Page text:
NASHVILLE, Tenn. (WTVF) — One of the leaders of the only Level I trauma center in middle Tennessee said it is time to start thinking of options to handle the influx of critical patients as the population continues to exponentially grow.
Dr. Rick Miller, Chief of Division of Trauma and Surgical Critical at Vanderbilt University Medical Center, estimates the number of severely injured patients admitted to the trauma center will reach about 4,000 by the end of the year. It averaged around 2,500 admissions per year in the early 2000s.
He described the capacity is getting to a "critical level."
"Our capacity is over 95 percent all the time so we are constantly moving patients out of our units that are less sick to bring in the sick patients," Dr. Miller told NewsChannel 5. "We're trying to search for ways to be able to accommodate the rapidly growing population in this area."
The growth in Davidson County has a rippling effect throughout the mid-state. VUMC sees the impact since it covers almost 65,000 square miles around Nashville.
Half of the trauma patients come from outside of Davidson County. Half of them also require transportation via a helicopter like LifeFlight or Air Evac.
While it has only been in discussions, Miller believes a construction of a new tower or at least another floor with 30 to 50 more beds to specifically treat critically injured or critically ill patients would be beneficial. It would be a multi-million dollar venture that would likely require support and funding from local and state officials, and possibly nationally.
"In order to build and create would be a five-year endeavor. We have to start thinking about it now if the projection of the area is the continued growth that we're seeing," Miller urged.
For now Miller said his team is working around the confines of the building and staff to ease stress.
"What we're trying to do is to find a potential area in the hospital that we can aggregate our patients. With this increase in population comes fatigue and so we are working in trying to find an appropriate number of personnel," Miller added.
TriStar Skyline Medical Center is the second trauma center in Nashville after it achieved Level II status in 2016. It is still equipped with specialized equipment and resources to treat most severely injured patients including 24/7 on-site trauma surgeons and additional physician specialists.
Miller said without Skyline, capacity would likely be worse.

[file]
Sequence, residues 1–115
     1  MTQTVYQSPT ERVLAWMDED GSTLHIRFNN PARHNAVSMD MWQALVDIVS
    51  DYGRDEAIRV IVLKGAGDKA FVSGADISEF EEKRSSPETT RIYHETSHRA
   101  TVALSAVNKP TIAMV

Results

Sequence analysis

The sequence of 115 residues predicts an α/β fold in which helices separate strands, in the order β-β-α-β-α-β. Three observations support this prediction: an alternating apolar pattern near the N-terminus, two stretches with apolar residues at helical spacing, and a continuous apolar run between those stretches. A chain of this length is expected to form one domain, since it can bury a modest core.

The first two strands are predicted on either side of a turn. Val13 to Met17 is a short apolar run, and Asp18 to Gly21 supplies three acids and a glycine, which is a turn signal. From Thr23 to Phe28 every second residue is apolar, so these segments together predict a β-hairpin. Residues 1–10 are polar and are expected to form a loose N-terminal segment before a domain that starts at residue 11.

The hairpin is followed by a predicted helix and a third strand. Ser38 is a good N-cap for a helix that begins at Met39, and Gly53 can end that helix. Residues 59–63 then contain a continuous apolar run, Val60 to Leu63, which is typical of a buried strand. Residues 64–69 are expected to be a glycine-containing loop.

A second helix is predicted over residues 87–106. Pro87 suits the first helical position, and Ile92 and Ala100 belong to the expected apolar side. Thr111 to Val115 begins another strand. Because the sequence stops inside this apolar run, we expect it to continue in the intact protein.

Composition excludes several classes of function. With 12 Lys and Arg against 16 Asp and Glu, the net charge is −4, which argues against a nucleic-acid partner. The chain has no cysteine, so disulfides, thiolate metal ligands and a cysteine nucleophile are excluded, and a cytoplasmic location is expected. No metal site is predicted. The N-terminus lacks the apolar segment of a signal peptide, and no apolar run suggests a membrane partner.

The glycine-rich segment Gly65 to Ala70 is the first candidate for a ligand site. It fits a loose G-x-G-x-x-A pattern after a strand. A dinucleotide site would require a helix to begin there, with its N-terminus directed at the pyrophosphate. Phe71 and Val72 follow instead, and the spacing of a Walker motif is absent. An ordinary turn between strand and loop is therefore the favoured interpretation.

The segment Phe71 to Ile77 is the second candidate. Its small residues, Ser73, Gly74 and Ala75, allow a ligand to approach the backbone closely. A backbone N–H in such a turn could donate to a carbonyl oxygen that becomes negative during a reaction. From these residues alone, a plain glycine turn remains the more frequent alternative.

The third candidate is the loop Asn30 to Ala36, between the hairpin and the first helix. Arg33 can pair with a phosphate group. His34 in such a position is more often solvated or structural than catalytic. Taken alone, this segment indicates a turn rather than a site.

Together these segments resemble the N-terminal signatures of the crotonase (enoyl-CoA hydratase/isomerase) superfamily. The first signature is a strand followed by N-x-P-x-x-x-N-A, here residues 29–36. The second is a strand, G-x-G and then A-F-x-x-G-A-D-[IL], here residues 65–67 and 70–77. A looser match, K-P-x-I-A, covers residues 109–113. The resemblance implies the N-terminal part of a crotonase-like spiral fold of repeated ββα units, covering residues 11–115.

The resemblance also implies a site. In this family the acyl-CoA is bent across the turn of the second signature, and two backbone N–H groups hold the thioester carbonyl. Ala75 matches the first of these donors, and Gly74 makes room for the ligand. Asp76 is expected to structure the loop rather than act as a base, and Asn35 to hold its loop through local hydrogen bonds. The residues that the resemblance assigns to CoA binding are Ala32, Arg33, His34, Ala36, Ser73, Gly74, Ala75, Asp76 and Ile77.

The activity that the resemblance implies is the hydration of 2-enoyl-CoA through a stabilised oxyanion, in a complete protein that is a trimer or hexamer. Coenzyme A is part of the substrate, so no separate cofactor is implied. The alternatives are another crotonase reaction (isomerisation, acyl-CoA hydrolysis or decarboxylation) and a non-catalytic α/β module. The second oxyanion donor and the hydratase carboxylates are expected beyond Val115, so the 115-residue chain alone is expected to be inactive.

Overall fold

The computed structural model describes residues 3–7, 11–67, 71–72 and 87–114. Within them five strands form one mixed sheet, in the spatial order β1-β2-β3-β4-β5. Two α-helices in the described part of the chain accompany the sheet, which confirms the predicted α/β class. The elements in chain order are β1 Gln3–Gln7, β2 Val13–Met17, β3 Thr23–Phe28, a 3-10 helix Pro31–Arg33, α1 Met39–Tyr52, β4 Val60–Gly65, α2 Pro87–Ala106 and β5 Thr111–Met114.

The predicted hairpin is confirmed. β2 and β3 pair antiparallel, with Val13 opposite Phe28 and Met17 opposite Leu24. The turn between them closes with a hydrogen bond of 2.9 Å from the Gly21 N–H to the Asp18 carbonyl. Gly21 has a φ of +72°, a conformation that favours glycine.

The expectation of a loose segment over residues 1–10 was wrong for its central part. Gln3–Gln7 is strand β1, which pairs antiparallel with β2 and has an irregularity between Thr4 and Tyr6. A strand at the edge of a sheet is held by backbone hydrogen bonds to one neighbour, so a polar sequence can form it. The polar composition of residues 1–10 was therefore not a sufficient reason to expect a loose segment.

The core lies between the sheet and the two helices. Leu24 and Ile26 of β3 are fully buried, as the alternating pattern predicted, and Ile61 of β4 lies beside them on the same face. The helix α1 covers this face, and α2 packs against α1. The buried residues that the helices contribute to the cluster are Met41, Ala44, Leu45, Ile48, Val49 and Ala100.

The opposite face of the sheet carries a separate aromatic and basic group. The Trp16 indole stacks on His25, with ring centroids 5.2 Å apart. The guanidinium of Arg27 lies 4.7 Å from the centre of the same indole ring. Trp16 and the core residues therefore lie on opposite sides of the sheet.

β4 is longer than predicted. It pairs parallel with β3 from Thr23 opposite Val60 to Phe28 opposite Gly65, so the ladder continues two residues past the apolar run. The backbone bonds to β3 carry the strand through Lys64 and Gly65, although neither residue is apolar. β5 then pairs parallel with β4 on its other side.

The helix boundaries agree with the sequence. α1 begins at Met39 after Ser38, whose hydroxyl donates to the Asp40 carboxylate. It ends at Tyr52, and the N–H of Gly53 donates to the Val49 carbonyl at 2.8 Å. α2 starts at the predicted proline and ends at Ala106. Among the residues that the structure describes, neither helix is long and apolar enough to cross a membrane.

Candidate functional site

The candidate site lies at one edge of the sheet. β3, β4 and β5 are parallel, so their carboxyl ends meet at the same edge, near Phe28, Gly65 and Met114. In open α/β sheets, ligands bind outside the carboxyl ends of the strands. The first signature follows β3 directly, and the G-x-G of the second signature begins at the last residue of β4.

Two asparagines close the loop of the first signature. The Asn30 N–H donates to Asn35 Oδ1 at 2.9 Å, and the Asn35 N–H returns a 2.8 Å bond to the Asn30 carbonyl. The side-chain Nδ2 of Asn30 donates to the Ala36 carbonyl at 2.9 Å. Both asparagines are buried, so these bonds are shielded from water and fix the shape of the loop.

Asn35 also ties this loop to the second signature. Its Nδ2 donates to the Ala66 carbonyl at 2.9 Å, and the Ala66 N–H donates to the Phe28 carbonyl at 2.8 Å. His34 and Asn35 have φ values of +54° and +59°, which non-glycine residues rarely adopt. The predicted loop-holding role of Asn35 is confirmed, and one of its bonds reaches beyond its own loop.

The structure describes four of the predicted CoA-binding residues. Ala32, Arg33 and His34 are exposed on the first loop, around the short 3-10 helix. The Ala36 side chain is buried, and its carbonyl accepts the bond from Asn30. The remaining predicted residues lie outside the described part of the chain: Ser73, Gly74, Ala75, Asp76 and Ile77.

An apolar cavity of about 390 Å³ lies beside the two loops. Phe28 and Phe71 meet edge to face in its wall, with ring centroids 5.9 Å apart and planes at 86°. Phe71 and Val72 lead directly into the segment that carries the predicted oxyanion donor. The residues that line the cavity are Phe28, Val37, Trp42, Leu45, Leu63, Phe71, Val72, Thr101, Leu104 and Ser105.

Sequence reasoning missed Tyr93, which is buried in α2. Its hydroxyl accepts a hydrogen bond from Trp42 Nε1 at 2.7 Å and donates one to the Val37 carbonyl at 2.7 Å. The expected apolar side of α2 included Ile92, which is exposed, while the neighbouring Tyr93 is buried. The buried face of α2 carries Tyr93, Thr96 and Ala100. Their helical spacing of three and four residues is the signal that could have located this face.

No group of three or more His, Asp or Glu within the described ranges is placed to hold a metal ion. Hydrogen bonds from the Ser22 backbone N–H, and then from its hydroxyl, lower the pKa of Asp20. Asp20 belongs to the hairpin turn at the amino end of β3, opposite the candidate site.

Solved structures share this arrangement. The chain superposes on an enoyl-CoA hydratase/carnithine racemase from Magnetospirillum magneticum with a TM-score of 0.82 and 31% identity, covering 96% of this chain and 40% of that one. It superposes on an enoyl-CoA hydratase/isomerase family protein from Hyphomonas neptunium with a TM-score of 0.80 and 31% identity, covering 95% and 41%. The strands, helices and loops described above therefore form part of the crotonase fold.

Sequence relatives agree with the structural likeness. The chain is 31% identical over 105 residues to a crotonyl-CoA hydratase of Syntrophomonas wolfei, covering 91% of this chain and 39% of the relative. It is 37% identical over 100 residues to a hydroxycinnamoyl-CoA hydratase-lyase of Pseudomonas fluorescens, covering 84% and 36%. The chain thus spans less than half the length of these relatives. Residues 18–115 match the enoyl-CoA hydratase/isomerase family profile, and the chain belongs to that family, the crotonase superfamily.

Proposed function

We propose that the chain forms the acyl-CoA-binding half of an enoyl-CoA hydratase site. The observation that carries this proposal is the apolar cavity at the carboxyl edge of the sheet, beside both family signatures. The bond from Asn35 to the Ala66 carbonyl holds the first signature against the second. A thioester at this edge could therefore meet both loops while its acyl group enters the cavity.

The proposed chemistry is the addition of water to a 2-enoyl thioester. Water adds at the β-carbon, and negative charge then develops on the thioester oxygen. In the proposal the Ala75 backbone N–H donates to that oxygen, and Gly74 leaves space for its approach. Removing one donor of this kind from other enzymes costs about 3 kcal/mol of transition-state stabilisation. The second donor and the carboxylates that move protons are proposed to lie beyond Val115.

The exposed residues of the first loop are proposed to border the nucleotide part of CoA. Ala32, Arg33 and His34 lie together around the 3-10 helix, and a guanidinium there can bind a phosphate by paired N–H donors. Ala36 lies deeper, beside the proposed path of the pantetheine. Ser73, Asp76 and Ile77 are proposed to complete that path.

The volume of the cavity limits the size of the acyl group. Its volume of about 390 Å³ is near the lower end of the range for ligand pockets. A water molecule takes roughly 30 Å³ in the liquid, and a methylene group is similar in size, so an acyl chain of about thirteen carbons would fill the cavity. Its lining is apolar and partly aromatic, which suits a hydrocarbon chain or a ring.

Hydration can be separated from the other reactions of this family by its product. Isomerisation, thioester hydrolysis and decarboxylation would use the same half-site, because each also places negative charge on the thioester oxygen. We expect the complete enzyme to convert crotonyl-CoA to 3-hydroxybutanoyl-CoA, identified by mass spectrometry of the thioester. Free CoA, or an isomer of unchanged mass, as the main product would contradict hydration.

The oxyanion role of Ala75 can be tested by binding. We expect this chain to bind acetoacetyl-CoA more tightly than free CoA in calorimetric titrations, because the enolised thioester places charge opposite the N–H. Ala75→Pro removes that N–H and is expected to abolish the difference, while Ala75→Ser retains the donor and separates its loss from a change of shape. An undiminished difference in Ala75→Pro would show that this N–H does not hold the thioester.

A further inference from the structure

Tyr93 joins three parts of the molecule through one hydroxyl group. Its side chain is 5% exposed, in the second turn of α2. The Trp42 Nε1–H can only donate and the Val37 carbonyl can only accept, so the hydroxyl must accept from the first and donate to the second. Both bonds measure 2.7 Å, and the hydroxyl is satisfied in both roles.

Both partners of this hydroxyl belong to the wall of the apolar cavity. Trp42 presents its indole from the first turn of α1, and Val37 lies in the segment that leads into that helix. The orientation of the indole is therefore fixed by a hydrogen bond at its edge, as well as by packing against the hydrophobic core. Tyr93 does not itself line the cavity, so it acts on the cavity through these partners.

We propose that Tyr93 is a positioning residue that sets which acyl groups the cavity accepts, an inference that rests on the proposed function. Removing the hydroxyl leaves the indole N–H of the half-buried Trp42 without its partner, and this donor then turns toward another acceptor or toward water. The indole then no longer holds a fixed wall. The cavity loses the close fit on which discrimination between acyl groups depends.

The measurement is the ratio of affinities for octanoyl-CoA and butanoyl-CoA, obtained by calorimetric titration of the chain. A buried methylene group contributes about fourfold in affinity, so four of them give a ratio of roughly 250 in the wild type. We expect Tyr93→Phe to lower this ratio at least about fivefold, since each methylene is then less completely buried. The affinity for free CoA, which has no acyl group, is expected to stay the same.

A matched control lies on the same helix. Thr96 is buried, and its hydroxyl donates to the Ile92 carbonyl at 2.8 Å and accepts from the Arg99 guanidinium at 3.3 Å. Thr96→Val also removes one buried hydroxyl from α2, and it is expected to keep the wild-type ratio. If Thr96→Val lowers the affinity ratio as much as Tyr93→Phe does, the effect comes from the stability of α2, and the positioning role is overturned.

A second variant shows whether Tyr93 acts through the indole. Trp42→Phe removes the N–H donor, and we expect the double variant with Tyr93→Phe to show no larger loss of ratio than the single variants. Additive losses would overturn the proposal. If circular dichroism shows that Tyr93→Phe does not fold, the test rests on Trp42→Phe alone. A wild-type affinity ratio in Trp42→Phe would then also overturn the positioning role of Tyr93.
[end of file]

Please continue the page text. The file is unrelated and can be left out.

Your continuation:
"Other patients that may not be critically injured can be managed at a Level II. Right now with our population we could not handle all of the trauma patients if we didn't have a Skyline here, there's no way,"
Trauma center designation is voluntary in the state and is overseen by the Tennessee Department of Health through the Office of Emergency Medical Services.
Changing faces of trauma patients
NewsChannel 5 took a tour of the trauma floor at VUMC. Only one bed was available.
Among the patients was 34-year-old James Witherspoon who was flown from Henry County to Nashville on Sunday morning after a head-on collision.
"Everything was happening so slow but I couldn't do anything but brace for impact," Witherspoon said. "I feel better, I was pretty rough yesterday."
His wife Cristy was also by his side and thankful that he did not die.
"It's a little sad but at the same he's strong. I have faith in him," she said.
When thinking of traumatic injuries, car wrecks may come to mind for most people. However, with the population growing so fast, the people that make up trauma admissions at the hospital are also changing.
Collisions used to be the most common reason for trauma admissions. But for the first time in VUMC history, it is falls among the elderly that have exceeded to become the number one admission.
"As the population is aging and baby boomers are getting older we have noticed a shift. We have noticed a shift in more elderly patients and people over 65 admitted for major injuries," Miller said.
Of the 4,000 trauma admissions expected at the end of the year, 25 percent of them will be over the age of 65. Ten years ago, the number was about 15 percent.
Just below that is the growing number of gunshot or stab wound-related injuries. It makes up more than 20 percent of trauma patients, primarily people in their 20s involved with gun violence.
"We are definitely noticing gang, younger-related gun shot wounds are going up," Miller added.
Domestic-related injuries make up the growing number, followed with suicides which remained relatively the same.